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I have wrote a server program that can handle multiple client by using fork(). I have a signal handler, error checking where needed, and everything works correctly. I have it set up where if a client enter 'quit', the server should stop accepting connections, let the opened clients finish their communication, and close once all clients are closed. To do this, whenever 'quit' is entered, I have an int flag that is set to 0. Since the variables in each child process are only for that process, and do not affect the other child processes or the parent process, I can't keep track of when the flag is set to 0. In my signal handler I am checking

    if( count == 0 && flag == 0)
    //close server and exit program

count is the number of clients opened which after they are all closed will obviously be zero ( this has been error checked to make sure it is correct). Does anyone know of a way I can create flag that can be set inside one client, and have that same value for every client? If that makes sense.. I am coding in C by the way.

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Lots of ways to do this. A helpful keyphrase to know here would be "inter-process communication" en.wikipedia.org/wiki/Inter-process_communication –  HostileFork Oct 5 '11 at 2:28

3 Answers 3

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You need to implement a single server for everyone to speak to, he will broadcast back to all the clients to update them with the client count, but in essence without a lot of complication to speak and keep track of all the other clients is a bit of a challenge.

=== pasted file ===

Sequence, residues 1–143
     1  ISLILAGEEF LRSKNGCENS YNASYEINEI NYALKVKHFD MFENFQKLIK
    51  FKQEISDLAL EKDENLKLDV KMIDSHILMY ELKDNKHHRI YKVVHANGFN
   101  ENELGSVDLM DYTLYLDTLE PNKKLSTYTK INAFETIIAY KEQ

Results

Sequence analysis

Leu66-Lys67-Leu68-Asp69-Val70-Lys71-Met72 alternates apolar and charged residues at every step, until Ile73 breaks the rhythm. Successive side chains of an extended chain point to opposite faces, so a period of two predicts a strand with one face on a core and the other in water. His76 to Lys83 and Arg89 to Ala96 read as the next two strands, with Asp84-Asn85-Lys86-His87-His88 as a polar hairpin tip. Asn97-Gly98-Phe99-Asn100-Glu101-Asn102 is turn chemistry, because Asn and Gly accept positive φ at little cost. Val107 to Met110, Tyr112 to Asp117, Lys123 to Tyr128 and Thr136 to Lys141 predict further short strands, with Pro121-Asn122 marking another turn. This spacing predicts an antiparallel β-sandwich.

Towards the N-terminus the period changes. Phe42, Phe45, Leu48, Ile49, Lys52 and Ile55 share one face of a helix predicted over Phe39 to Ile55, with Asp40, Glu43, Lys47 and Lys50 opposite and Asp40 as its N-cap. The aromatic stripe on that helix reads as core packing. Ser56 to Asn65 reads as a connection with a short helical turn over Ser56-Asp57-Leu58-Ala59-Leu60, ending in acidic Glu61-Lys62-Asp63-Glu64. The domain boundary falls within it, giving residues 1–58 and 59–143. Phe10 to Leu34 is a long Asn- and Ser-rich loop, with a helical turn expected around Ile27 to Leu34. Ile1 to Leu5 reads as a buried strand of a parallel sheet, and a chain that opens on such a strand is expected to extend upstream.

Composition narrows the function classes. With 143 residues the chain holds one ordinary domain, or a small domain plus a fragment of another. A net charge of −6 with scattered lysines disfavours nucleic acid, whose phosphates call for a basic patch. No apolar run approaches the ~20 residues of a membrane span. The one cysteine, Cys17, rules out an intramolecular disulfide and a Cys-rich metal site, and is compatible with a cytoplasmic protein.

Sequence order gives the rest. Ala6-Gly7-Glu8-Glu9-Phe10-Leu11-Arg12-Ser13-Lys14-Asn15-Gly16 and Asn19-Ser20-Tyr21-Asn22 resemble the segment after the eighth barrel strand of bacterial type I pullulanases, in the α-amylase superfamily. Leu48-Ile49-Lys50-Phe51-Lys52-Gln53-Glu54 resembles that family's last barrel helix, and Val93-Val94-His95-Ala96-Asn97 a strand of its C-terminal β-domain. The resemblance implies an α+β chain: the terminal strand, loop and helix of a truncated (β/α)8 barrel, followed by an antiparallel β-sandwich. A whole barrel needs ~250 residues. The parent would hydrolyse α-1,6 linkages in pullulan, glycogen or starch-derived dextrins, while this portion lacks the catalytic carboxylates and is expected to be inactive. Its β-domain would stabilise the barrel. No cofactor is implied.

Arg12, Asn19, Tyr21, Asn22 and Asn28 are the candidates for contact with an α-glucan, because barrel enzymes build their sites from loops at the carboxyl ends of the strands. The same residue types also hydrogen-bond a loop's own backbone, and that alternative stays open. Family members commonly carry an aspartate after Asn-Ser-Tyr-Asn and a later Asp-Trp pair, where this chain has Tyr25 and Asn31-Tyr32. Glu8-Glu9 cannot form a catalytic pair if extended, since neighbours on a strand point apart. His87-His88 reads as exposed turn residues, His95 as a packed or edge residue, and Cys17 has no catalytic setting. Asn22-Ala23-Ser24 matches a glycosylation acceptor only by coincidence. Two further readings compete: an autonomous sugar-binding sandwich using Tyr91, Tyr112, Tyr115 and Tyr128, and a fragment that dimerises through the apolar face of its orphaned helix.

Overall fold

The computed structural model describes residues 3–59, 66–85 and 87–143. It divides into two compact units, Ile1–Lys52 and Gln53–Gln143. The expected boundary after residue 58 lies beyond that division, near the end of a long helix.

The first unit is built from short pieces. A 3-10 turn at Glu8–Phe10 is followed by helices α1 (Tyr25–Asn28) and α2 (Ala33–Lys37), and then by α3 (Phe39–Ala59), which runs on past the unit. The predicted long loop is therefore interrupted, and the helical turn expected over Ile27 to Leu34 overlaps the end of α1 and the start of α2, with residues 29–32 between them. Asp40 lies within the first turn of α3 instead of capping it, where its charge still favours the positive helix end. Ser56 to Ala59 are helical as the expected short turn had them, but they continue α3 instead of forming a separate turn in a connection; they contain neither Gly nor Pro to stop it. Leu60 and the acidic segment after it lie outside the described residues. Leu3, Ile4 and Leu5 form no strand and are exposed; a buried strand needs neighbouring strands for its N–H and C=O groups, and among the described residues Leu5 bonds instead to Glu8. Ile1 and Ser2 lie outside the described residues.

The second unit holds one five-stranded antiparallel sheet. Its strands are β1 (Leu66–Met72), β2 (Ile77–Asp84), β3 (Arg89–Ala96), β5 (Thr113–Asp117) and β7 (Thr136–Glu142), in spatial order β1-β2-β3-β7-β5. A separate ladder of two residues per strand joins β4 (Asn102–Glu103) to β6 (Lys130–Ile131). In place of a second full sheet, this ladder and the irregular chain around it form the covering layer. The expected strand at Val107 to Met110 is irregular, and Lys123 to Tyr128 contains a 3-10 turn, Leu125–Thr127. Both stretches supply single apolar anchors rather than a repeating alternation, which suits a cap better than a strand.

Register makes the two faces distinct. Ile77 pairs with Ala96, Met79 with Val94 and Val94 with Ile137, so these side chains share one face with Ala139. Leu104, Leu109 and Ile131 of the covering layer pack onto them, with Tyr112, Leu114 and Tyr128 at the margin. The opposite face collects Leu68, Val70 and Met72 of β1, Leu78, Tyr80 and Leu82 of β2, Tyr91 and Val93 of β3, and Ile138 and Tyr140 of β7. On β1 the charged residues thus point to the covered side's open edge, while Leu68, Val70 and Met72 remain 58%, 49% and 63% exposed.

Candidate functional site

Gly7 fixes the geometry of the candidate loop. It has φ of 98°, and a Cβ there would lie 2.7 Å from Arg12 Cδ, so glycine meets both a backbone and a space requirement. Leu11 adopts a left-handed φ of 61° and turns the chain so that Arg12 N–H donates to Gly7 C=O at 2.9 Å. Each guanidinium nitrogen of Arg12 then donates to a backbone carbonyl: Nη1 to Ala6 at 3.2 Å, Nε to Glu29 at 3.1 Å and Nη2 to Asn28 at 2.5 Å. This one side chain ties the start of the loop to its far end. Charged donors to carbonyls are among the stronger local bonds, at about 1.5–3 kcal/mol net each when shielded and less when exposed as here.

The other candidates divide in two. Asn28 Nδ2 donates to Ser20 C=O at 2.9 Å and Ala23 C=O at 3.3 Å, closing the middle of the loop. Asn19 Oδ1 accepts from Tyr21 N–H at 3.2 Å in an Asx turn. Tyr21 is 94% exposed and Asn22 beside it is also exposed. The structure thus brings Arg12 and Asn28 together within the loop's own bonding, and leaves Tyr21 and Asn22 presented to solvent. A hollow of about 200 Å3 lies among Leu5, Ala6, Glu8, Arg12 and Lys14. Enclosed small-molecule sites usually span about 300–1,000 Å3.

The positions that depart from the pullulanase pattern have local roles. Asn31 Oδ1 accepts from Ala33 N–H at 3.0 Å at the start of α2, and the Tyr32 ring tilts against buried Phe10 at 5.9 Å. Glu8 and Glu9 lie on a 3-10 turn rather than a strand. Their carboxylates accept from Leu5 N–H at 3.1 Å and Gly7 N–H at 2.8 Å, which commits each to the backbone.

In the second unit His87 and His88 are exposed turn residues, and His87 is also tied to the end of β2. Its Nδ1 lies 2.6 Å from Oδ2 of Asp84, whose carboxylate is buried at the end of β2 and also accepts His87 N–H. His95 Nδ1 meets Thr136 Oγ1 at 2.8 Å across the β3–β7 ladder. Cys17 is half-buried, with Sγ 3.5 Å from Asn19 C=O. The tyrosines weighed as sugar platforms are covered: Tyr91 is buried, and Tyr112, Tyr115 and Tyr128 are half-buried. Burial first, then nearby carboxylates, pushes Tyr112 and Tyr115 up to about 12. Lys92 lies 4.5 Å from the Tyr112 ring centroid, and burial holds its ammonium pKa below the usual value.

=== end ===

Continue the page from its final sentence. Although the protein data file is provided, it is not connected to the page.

This would also be a place to route and traffic messages between different clients.

Hopefully this shines some light.

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There are many IPC mechanisms that can do this... in particular semaphores come to mind. You could create a set of two semaphores, and use one for your child count and one for your quit flag. When you start your program, the client count would be initialized to zero, and the quit flag would be initialized to one. When each child is started, it should add one to the client count... and subtract one when it exits. When a client receives the quit command, it would zero the quit flag. The main program will know when everything is done when both semaphores reach zero.

Or (if possible) you could just start threads instead of forking processes, and use two global ints for count and flag and a global mutex to protect them. The pthreads API is fairly easy to use for simple things where not a lot of inter-thread communication needs to occur, and creating a thread is faster than fork+exec.

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The child process receiving the quit command needs to send a signal (such as SIGUSR1 -- I don't recommend SIGTERM for this purpose unless you are going to be closing out all the clients as soon as possible) to its parent, and let the parent set the flag in its memory space in that signal handler. (The parent can let everyone know its pid by just storing the results of getpid() somewhere.)

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this would work and I almost used the SIGUSR1, but then I remembered the exit() status.. duh.. which took me a couple seconds to add in and everything worked like i wanted –  newuser12 Oct 6 '11 at 0:56
    
Well, you didn't say that a client issuing quit was going to disconnect right away, just that the server should begin an orderly shutdown. :-) –  Jeffrey Hantin Oct 6 '11 at 1:25
    
yes, definitely should have put that somewhere in my details but I did learn more from these answers than I ever would have :) thanks guys –  newuser12 Oct 9 '11 at 19:30

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